Posted on 7th February 2011

By Sophia Brown, Assistant Editor, Orion Books

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Purge

Sofi Oksanen

In an echo of Shelley’s famous claim that, ‘Poets are the unacknowledged legislators of the world,’ the Finnish-Estonian writer Sofi Oksanen recently remarked in an interview that, ‘The writer’s job is to change the world.’ This notion that writing can have a moral power is fundamental to Oksanen’s work. For her, the very act of writing seems to be a real confrontation with illegitimate authority. Art, at its most serious and honest can be a resistance to oppression.

Purge, Oksanen’s first novel to be translated into English, is about power – its pitfalls and the ways in which it destroys human beings. Occupation and subjugation, of both land and women are also key themes and Oksanen has stressed that, ‘this parallel between repressed nations and women is something I have used myself in my novels about Estonia and Estonian women.’ Spanning six decades to include the Second World War, the occupation of Estonia by the Soviet forces and Estonia’s eventual independence, the novel explores these events through the eyes of Aliide and her great-niece Zara, who have both suffered shocking abuse throughout their lives. Their day-to-day survival depends upon silence, and this idea of the unspoken and the suppressed runs throughout the novel. Aliide notes at one point that, ‘The silence had been peculiar that year – expectant, yet at the same time like the aftermath of a storm’. It is a complicated silence, negotiating both the past and the future, and reveals Aliide’s inability to face her past and consequently her unwillingness to pronounce on the future.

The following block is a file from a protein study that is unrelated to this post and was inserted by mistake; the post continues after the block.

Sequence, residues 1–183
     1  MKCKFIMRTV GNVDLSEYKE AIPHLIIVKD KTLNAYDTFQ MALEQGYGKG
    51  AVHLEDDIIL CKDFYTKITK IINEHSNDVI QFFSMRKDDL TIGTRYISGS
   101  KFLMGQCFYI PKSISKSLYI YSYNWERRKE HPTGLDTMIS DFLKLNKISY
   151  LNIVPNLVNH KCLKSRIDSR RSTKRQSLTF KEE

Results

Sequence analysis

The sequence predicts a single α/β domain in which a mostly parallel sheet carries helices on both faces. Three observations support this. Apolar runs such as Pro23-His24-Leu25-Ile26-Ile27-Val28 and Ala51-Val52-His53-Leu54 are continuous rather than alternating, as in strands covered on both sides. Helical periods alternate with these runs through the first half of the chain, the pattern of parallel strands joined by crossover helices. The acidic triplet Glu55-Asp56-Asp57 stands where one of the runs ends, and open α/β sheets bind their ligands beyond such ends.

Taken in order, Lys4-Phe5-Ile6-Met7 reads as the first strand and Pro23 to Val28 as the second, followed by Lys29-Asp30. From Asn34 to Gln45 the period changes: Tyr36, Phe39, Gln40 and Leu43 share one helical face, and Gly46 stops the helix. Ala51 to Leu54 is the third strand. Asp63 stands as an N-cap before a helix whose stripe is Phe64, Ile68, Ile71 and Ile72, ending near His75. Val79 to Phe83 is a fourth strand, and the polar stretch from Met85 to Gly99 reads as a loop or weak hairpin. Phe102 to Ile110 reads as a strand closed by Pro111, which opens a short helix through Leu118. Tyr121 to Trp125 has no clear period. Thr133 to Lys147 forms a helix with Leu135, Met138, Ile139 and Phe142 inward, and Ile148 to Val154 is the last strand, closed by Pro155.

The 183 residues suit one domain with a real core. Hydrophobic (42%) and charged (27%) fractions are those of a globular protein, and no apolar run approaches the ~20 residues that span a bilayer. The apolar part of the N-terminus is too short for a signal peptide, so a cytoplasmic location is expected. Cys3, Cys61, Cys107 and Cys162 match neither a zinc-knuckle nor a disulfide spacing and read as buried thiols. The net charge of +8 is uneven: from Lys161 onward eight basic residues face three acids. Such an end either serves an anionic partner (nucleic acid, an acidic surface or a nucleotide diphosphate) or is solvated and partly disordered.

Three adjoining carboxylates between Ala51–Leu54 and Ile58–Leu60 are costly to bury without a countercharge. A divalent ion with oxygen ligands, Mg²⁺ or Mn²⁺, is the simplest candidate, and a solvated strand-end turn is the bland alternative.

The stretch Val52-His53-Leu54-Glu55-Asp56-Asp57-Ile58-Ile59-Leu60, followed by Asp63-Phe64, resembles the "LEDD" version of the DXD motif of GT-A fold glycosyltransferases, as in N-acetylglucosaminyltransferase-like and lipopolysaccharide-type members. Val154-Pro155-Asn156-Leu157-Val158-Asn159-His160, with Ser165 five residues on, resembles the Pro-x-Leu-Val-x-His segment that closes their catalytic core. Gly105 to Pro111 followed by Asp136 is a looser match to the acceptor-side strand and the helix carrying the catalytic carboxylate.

Purge opens with the following lines by the Estonian poet Paul-Eerik Rummo: ‘There is an answer for everything,/ if only one knew the question.’ The women in Purge are trapped in a world dictated by this conundrum; they have stayed silent too long to be able to form the questions that can help them move on. But both atonement and recovery depend upon breaking out of this cycle of denial and silence. Oksanen’s important novel ultimately seeks to point the way to a fragile redemption, and perhaps even hope.

Sophia Brown is an Assistant Editor at Orion Books, working across the Orion and Phoenix paperback imprints. She lives in London and wishes that she could read faster.

Comments

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